Considering ways to better spread ICT4D within rural communities it is fundamentally important to empower those within the community who are already trusted leaders or teachers. As the women on the finca that Professor Colle discussed were empowered, so too must women in villages and rural areas be empowered to teach their own communities.
My reason for empowering local leaders (particularly women) to take on roles within their rural communities to spread the impact and availability of ICT4D is two-fold – first to utilize pre-existing networks and the influence of individuals within communities who are already trusted as teachers and locals, and secondly to in effect empower those leaders to assume a greater political/social role within their communities and beyond. In this way perhaps these individual women can go from being trusted teachers to powerful sociopolitical voices within their communities – and shift cultures that may value women as teachers but not as complete human beings with the same rights and responsibilities as men. It is important to note that this may not be a role that certain women are comfortable assuming or even want to assume, but this should nonetheless be the aim of progressive students and ICT4D organizers in the field.
The trust that is necessary for any local populace to buy into an ICT program is something that Professor Colle touched on in his presentation – as well as the interaction that he espoused to be so essential to a productive partnership (and an effective ICT4D program must be just that – a true partnership between academics and students in the field, community leaders, and the local populace). Local leaders can also provide important feedback as to what will be the most effective means of reaching and influencing the daily activities of the local populace. For Colle, first in Essex County and later abroad, the audiocassette was a powerful tool to reach and communicate with people by virtue of its ability to be presented during traditional activities such as the agricultural enterprises. So too in other communities audio recordings (with essential time for feedback, answers to recorded questions, etc.) could be particularly useful. The two-way communication between ICT4D providers and those that should directly benefit from its introduction can be channeled through these trusted women leaders.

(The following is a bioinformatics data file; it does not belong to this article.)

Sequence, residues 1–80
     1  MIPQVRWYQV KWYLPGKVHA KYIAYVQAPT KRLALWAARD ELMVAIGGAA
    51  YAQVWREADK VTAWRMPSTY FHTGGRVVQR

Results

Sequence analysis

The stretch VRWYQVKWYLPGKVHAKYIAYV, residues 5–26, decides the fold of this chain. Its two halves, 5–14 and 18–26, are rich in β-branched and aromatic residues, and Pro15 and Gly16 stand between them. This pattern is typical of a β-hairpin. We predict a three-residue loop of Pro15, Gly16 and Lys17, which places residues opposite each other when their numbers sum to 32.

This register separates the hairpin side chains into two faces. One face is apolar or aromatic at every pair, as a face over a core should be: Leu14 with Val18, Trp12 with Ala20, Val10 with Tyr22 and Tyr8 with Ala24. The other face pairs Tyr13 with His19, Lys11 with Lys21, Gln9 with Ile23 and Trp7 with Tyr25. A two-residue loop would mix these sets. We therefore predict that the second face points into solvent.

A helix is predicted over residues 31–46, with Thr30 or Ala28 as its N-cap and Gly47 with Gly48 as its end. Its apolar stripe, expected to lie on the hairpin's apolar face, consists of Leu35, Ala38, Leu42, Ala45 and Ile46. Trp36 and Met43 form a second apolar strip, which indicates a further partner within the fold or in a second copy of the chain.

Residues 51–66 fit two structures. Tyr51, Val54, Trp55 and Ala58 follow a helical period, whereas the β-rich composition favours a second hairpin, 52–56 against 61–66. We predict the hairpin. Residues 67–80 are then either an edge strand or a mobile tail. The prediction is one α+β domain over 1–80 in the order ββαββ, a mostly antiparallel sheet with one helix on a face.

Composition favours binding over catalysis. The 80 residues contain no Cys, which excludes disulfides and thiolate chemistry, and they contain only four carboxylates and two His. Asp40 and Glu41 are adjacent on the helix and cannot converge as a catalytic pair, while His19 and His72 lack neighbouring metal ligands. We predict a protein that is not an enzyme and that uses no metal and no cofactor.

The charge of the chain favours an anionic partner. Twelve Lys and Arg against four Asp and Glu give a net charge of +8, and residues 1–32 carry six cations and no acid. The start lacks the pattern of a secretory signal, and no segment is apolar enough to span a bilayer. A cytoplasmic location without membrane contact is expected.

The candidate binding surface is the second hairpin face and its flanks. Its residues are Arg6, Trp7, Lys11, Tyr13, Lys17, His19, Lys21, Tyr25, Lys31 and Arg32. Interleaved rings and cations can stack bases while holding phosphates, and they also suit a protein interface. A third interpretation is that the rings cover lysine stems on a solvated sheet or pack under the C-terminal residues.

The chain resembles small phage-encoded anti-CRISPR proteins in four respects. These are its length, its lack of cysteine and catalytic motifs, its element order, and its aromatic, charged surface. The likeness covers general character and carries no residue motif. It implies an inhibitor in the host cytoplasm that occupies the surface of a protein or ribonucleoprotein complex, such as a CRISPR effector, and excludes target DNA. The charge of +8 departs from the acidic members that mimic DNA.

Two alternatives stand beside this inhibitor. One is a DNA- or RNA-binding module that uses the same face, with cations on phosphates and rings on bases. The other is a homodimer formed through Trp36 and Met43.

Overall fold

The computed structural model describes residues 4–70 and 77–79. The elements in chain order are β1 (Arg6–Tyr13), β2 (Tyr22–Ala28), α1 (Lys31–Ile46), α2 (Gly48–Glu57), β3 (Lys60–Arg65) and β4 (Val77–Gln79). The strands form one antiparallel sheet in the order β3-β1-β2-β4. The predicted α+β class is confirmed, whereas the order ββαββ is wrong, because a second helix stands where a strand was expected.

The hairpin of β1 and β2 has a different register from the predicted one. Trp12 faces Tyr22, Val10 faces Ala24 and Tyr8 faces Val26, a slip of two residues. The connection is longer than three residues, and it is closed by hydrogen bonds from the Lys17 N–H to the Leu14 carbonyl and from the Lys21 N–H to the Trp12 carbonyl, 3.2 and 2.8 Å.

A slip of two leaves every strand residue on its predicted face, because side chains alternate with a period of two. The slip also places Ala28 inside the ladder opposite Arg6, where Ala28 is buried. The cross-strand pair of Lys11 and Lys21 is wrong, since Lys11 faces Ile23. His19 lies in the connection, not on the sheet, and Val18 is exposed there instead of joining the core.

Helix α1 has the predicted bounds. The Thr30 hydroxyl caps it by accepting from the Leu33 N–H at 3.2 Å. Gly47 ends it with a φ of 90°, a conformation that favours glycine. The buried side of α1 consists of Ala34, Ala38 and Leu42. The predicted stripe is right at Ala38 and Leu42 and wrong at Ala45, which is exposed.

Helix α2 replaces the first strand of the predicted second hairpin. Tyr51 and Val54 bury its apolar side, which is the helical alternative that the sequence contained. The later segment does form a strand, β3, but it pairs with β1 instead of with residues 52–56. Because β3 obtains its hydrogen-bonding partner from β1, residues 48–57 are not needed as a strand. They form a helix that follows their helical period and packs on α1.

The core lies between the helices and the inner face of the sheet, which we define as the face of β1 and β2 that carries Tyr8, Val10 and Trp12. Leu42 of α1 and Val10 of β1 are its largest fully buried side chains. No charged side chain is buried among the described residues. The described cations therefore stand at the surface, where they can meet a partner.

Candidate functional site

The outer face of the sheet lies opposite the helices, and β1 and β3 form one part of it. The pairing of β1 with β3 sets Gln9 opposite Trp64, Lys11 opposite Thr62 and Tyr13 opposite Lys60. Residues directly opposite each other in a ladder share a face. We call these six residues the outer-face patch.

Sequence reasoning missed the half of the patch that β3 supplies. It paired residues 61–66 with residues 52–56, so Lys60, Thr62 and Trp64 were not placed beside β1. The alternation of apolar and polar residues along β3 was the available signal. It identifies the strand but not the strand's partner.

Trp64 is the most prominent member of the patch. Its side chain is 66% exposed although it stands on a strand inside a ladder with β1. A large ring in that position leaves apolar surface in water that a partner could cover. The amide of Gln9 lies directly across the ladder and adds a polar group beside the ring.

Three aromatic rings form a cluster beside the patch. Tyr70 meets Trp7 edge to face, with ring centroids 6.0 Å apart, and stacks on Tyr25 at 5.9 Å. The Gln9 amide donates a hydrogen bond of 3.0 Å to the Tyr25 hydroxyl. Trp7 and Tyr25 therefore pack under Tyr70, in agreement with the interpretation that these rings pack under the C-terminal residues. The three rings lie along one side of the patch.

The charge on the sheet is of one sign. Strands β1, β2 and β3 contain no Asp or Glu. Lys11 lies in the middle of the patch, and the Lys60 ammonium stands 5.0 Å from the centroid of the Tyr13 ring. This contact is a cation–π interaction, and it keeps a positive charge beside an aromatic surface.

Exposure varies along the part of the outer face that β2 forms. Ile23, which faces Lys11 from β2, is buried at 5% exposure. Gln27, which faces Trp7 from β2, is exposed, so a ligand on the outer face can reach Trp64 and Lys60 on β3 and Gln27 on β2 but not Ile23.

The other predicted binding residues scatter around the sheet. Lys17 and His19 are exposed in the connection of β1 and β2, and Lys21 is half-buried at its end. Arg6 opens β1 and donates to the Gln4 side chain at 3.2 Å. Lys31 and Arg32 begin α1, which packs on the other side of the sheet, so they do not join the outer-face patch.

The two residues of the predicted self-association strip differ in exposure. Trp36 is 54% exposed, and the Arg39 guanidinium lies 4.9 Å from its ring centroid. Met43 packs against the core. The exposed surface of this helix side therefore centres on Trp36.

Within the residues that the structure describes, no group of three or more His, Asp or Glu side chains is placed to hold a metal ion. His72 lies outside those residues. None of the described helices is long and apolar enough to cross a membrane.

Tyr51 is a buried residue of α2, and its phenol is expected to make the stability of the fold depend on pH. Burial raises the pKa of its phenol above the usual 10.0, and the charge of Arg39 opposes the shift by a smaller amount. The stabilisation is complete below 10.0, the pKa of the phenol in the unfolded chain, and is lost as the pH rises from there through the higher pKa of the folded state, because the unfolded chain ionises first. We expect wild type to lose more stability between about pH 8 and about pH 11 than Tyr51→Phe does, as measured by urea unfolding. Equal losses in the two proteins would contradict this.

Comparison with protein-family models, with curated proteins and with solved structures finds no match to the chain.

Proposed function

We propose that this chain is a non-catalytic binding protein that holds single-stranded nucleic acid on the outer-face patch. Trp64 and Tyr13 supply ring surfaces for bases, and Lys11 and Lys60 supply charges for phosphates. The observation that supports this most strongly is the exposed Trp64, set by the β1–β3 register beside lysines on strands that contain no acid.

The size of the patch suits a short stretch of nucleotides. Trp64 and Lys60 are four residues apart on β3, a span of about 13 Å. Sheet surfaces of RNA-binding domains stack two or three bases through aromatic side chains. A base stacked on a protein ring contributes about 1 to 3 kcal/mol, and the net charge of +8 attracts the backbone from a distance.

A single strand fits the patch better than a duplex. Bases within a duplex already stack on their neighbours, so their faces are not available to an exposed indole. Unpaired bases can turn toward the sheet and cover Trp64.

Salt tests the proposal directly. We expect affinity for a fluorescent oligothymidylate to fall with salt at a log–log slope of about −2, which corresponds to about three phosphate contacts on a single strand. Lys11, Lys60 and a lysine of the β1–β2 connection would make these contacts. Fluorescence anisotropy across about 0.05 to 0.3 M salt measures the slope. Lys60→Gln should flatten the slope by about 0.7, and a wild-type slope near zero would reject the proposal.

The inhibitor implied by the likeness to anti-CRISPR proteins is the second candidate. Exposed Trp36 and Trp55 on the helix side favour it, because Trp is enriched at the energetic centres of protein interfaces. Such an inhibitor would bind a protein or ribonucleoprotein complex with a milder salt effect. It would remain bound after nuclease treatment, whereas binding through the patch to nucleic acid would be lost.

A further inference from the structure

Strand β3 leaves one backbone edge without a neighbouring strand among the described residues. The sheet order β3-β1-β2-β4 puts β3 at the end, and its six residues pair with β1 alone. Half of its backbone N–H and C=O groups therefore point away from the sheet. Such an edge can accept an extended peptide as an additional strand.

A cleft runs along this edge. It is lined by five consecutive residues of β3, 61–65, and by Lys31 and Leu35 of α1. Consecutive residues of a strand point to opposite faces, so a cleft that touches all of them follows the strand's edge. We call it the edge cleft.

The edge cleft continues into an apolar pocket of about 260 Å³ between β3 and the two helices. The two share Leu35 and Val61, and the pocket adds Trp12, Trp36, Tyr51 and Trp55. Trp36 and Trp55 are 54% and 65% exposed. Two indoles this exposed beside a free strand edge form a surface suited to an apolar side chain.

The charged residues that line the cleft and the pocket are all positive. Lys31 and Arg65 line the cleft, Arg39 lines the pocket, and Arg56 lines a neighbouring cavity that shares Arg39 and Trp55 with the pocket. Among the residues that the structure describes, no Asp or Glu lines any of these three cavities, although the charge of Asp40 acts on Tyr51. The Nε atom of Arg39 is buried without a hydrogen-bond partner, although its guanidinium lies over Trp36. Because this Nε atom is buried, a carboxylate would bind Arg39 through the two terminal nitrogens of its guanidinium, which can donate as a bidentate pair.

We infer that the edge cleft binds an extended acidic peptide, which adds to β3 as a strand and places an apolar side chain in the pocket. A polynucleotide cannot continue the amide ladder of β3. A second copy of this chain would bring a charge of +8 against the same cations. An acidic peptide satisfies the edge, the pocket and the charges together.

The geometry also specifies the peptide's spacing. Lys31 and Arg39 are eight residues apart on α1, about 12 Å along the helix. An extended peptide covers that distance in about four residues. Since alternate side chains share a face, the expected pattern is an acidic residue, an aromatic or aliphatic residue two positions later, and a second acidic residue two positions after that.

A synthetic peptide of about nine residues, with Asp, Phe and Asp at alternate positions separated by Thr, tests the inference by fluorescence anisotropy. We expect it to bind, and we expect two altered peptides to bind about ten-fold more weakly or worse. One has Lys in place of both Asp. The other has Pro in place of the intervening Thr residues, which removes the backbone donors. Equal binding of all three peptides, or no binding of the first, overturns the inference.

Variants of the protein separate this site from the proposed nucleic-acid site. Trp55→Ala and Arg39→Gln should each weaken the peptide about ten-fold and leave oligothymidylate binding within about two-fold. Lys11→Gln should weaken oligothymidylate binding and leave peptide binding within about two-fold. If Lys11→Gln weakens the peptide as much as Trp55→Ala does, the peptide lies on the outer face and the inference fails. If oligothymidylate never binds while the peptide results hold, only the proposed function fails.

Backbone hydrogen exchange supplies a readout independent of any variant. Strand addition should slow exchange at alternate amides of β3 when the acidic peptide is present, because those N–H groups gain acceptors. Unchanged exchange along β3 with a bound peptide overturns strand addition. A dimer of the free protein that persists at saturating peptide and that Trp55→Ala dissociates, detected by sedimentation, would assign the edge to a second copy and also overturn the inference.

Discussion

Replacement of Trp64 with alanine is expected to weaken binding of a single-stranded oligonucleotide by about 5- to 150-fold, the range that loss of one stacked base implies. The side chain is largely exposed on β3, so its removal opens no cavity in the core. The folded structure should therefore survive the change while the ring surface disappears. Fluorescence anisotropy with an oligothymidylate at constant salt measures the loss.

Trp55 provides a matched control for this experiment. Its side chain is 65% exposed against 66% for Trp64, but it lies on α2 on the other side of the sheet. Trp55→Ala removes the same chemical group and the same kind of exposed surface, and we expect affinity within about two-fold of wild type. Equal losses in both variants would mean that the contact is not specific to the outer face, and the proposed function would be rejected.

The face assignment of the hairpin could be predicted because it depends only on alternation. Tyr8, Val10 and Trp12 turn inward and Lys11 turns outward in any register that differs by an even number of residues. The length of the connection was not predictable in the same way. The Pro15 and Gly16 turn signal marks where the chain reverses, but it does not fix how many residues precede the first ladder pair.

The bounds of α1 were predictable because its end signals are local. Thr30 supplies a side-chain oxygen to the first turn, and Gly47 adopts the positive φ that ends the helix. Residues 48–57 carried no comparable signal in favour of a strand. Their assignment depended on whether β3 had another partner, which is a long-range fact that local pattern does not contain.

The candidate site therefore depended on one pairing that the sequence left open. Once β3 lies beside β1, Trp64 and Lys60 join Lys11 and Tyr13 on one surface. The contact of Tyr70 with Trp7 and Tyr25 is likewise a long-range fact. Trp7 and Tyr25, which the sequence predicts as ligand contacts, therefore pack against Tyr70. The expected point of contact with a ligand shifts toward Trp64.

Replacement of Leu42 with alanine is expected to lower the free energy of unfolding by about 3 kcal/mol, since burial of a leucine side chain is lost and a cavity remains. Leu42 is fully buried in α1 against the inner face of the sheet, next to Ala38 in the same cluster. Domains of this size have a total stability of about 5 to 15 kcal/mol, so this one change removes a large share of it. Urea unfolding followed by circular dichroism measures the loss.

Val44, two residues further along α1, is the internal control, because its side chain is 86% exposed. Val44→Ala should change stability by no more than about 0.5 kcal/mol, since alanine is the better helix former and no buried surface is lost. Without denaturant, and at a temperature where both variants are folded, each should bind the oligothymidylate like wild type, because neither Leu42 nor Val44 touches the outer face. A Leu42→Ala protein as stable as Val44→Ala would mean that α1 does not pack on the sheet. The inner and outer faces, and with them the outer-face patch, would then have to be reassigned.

Utilizing the leadership and teaching power of local women also has the potential to decrease the overall cost of ICT programs in rural areas. Instead of building and operating a separate kiosk for ICT usage, trusted women community leaders’ homes and places of traditional business (such as the finca, in Colle’s example) can be modified and expanded to house the technologies most needed and suitable for the location.
As Heeks writes (Do information and communication technologies (ICTs) contribute to development? 2010) that men are more likely to be ICT users than women (in India), this goal of empowering women through the utilization of information and communication technologies can help bridge the gender gap in ICT usage and empower women to use such resources. In so doing, the hope remains that the role and respect these women assume in their own communities will expand – benefitting all within the community to see these women leaders (and by extension all women) as supremely capable, intelligent, and powerful figures – and fundamentally worthy of respect and equal rights.